We serve around 10 million calls a month to all our users over the sites. We’ve had to scale quickly at points in our history. There's no sign of the growth stopping either! Our most popular site is TheCocktailDB.com which has shot up the google rankings recently – who doesn’t love a cocktail right?!
I’m a Microsoft server techie in my day job so we run IIS 10, PHP 7 and MySQL as our stack. We’ve found the combination works well, is pretty stable and our expertise in servers and virtualization have helped us scale quickly at times. We also use Cloudflare to cache bandwidth on the sites and provide SSL services.
Are there any upcoming new releases/updates to your API that you can disclose?
We constantly improve our APIs based on user feedback. Many of our features came about from a simple email request or forum post from one of our users. One thing coming soon is the ability to filter cocktails by the first letter. Another feature we just added on TheSportsDB.com is to support American college NFL teams. On TheAudioDB.com we are working on custom user playlists. And on TheMealDB.com we are adding new content such as Keto diet and Gluten free filters. We are also in the process of supporting 4K images on all of the sites and looking to employ a professional photographer to produce even better artwork.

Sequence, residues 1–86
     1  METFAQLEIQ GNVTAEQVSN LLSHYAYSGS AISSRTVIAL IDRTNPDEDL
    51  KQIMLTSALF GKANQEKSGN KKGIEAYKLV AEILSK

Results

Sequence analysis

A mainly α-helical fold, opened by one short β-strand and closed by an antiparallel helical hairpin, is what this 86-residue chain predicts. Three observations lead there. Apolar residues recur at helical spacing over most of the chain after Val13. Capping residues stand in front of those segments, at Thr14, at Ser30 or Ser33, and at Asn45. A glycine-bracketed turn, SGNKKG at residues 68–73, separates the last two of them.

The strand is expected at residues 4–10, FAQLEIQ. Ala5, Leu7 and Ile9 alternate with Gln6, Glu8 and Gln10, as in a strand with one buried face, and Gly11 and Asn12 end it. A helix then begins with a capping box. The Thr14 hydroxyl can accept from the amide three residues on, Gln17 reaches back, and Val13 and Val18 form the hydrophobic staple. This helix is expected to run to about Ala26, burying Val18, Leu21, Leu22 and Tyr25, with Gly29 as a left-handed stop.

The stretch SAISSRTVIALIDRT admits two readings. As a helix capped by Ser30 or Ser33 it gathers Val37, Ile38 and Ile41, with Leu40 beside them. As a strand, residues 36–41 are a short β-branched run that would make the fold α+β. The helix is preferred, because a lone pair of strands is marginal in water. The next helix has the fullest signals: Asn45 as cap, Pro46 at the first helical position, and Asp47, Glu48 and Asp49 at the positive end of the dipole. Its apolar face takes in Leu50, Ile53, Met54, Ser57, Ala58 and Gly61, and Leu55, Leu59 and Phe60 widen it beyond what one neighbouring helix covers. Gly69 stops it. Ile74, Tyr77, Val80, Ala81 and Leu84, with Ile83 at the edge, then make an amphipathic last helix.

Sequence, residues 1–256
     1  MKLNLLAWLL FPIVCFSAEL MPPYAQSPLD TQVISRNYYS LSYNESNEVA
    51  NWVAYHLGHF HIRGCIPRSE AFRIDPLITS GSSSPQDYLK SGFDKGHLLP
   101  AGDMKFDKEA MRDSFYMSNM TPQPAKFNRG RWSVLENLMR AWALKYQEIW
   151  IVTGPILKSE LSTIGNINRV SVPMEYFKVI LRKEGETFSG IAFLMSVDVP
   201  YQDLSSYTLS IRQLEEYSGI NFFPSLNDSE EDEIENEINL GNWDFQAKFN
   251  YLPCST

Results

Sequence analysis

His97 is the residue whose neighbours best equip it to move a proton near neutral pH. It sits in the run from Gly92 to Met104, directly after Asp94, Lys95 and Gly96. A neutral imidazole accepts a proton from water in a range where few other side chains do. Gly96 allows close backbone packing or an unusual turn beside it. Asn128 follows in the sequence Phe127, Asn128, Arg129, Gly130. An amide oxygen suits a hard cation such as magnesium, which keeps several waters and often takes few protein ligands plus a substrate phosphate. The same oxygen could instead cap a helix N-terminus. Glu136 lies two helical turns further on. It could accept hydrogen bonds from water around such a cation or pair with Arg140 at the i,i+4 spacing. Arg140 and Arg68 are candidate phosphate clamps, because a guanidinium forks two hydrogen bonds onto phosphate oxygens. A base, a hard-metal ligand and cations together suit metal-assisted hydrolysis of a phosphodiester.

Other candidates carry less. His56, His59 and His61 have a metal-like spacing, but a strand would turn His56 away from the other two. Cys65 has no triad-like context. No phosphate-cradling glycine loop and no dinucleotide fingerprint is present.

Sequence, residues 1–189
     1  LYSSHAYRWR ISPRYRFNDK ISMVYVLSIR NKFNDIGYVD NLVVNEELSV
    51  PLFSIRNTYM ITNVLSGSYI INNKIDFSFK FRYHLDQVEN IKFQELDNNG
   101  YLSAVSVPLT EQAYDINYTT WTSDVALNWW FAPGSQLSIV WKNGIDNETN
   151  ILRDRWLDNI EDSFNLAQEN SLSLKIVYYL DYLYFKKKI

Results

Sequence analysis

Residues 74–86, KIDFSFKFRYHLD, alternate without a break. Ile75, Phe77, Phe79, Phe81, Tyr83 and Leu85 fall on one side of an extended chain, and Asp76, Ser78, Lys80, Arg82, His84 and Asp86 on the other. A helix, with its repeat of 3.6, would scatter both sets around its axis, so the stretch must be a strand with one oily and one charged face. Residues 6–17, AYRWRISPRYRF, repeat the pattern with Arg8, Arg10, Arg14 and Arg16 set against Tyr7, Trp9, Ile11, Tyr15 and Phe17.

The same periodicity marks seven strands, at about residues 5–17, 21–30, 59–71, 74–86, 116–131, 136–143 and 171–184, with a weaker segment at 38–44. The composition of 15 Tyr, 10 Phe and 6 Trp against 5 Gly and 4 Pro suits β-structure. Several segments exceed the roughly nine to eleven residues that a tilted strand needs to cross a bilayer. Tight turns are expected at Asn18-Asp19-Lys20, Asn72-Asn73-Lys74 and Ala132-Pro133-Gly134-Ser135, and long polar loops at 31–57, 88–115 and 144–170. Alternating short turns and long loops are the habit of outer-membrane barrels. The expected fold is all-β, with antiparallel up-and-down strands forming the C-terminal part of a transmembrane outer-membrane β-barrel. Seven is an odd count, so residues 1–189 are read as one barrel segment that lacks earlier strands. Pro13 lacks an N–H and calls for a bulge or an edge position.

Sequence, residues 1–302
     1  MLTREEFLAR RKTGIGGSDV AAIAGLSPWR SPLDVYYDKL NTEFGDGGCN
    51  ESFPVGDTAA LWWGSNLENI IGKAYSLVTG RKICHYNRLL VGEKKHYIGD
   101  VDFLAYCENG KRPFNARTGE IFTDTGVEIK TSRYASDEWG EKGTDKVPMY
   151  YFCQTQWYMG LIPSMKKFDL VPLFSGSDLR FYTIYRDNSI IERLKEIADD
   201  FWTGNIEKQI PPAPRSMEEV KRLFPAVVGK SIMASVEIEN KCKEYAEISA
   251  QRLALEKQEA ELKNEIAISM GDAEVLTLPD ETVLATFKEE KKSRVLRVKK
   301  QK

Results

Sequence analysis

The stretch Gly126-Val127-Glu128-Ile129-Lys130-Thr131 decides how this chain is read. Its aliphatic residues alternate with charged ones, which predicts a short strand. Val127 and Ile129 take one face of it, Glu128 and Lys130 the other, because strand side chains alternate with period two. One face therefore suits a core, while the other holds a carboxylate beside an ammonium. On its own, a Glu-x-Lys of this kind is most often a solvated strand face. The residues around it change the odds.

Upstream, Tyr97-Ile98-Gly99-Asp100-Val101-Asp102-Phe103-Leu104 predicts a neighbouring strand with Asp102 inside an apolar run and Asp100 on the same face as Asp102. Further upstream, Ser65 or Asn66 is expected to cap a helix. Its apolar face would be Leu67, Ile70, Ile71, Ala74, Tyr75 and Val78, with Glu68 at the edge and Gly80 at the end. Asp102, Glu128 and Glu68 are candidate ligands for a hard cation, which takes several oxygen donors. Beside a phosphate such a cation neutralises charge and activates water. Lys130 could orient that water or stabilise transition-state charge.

We’ve used many API’s over the years for our data, as an example we use the Songkick API on TheAudioDB.com to list the latest concerts for artists. We’ve also used the Musicbrainz web service to match up our Artist ID’s so they work with music tagging software. On TheSportsDB.com we use a service called XML Soccer to sync up the results each day from the soccer leagues around the world. We also leverage the official API’s from the NBA, MLB and NFL leagues for the latest scores.
Our sites wouldn’t be where they are today if it wasn’t for our community of users, whether uploading and editing data or making feature requests, so a big shout out to them. They’re the reason we keep developing these sites and love hearing about how developers are utilising the data in their apps around the world.
If you’re after quality data or images to include in your app or service, then check out our sites and APIs for yourself! You can visit each listed below or go to our Patreon page for further info: https://www.patreon.com/thedatadb